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  • Writer's pictureEllen Krohne

Say It With Flowers

This week my sister Annie laid her dear mother-in-law to rest. At 93, and having been in an Alzheimer’s unit for many years, they rejoiced that she could finally be at peace. Still, it was sad for the family and friends that loved her.

I remember Bernice as a robust woman, full of fun. Always ready for a party, always busy. The woman I peered at in the casket Sunday was diminutive, just tiny. I realized it wasn’t her height or heft that gave Bernice that presence, it was her love of life and the Lord that made her seem “big.”

Annie shared that Bernice felt flowers at funerals were a huge waste. “Don’t buy any for me!” she’d say. So, our family opted for a donation to St. Patrick’s Center in her name instead.

Bernice’s feelings about flowers got me thinking about how sending flowers at a funeral ever got started. It is certainly a way I express my compassion for those left behind when a loved one dies. One way to make them feel loved at such a sad time.

I discovered sending flowers is a tradition in most of the world.

The tradition of flowers being placed on graves is over 60,000 years old. This custom can be traced to the ancient Greeks. They performed rites over graves that were called "zoai.” Flowers were placed on the graves of Greek warriors.

While giving flowers for a funeral is a tradition that has been around for a long time, they serve a very different role in the past. Since the art of embalming has been slowly developed over centuries, flowers were traditionally used to cover the unpleasant odors of a decaying body. Flowers were used in varying quantities as a way of tolerating the smell of the deceased to those who came to pay their final respects.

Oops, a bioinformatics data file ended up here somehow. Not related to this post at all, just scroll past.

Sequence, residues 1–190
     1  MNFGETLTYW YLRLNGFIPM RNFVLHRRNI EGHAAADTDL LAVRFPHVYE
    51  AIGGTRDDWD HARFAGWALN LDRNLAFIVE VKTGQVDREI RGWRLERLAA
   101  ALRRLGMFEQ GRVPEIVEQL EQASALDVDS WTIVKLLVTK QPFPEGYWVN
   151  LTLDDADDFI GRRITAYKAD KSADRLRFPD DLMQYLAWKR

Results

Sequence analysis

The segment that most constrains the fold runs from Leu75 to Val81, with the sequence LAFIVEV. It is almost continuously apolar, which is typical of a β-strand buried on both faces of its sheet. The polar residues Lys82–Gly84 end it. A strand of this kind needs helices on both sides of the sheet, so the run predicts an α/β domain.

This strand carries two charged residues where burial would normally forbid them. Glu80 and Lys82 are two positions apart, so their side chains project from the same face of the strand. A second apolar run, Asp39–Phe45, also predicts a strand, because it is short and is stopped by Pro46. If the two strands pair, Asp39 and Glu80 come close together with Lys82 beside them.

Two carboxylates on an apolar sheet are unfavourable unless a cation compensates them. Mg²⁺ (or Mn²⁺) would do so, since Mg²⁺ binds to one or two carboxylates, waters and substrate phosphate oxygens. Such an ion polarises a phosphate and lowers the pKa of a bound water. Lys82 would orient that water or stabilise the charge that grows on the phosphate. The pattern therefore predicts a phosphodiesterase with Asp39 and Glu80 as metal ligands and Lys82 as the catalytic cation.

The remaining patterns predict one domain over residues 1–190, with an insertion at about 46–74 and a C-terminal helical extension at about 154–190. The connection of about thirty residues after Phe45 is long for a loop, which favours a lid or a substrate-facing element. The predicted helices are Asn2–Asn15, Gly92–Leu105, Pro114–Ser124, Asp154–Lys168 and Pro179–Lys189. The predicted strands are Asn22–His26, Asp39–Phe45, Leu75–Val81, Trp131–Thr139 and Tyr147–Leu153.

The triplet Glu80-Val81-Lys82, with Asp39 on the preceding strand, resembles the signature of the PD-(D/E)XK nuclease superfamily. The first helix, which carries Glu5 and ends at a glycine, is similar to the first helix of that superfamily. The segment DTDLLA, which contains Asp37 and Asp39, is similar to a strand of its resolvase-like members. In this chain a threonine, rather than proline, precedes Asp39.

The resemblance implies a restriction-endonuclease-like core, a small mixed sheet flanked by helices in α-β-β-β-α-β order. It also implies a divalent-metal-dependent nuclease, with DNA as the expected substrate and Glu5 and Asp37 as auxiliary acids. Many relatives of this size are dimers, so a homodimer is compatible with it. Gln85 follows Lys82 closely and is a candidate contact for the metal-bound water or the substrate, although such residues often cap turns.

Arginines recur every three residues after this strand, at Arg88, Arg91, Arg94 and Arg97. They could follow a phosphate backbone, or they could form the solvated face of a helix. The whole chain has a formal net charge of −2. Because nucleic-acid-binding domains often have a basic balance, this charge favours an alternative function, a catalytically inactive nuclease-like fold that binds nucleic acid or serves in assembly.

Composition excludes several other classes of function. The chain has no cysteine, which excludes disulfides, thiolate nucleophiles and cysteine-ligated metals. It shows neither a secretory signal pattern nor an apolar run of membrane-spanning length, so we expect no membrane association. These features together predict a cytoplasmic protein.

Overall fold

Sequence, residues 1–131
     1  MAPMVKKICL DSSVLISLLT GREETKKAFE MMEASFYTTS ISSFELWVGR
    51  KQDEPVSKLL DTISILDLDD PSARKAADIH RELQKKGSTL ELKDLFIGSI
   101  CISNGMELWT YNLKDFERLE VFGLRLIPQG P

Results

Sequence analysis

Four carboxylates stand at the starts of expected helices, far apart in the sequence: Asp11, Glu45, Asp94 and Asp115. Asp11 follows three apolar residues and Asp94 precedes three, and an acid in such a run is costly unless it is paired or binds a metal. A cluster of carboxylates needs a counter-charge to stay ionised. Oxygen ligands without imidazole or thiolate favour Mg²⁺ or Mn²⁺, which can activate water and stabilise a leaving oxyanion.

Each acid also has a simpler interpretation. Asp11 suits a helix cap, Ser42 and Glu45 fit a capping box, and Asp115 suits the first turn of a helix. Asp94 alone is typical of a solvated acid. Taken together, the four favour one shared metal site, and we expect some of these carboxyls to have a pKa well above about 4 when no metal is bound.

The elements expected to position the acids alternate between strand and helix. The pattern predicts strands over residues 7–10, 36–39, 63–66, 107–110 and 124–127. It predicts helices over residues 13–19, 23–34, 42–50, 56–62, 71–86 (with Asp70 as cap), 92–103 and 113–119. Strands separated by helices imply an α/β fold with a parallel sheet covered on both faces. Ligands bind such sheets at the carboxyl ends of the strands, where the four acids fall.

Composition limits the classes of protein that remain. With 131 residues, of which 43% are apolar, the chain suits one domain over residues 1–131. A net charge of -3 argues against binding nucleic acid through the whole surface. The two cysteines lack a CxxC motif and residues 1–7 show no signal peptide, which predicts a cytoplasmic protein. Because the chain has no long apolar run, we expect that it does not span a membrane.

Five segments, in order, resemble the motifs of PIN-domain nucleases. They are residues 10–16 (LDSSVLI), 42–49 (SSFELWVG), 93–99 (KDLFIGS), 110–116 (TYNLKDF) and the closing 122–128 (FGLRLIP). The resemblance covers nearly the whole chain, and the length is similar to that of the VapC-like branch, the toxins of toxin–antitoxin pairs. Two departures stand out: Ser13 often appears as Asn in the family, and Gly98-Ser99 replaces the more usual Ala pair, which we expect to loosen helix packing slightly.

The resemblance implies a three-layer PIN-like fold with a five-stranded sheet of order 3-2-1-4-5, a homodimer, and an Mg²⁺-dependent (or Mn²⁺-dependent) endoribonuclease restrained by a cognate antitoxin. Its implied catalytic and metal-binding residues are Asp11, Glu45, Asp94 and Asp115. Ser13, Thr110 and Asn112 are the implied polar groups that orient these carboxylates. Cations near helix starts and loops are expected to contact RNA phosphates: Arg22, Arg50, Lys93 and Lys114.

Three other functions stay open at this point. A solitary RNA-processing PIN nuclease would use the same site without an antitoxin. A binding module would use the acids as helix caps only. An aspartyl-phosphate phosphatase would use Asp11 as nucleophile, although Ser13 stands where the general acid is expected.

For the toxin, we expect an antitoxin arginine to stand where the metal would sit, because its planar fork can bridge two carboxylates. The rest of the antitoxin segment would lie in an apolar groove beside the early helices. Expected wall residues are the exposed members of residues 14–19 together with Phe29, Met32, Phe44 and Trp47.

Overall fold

Funeral arrangements come in the form of wreaths, standing sprays, casket sprays, baskets and more. Here is one of my favorites:

The type and color of the flowers we send are important, too. Below is a listing of the significance of different types and colors of flowers:

· Rose (red) - Passionate love, also courage love and respect, Rose (pink) – Friendship, Rose (yellow) – Zealous, Rose (white) – Purity, innocence and often used at the funerals of children.

· Poppy - Consolation - Also symbolic for veterans.

· Lily - Marriage and fidelity, they represent restored innocence of the soul.

· Sunflower – Adoration, for those with a positive outlook and zest for life.

· Peony – Healing, sometimes sent for those suffering a long-term illness.

· Chrysanthemums, also known as mums, carry several cultural meanings. In some European countries, mums are only found at funerals or on grave sites. In the U.S. chrysanthemums represent truth and are typically regarded as a cheerful way to honor someone who lived a full life.

· Purple flowers of any type are often chosen for the funeral services of grandparents, signifying dignity and elegance.

· Gladioli - Tall and majestic, gladioli convey strength of character, moral integrity and sincerity.

· Orchids – represent eternal love.

While expressing your sorrow and extending your respects through flowers is widely accepted, especially in Christian faiths, there are some instances when sending flowers is not appropriate. Jewish and Islamic faiths do not traditionally receive flowers. When attending a Buddhist ceremony, it is important to know that white flowers are a traditional color choice that represents mourning, while red is considered poor funeral etiquette. For Hindu funerals, flowers are not a traditional part of the religion, as mourners are expected to arrive empty-handed, without flowers or gifts.

So, whether you are like Bernice and think of flowers as a waste, or like me and hope to see lots of yellow sunflowers when it’s my time, I hope this post helps you to help those who are grieving.

Be blessed,


Ellen Krohne

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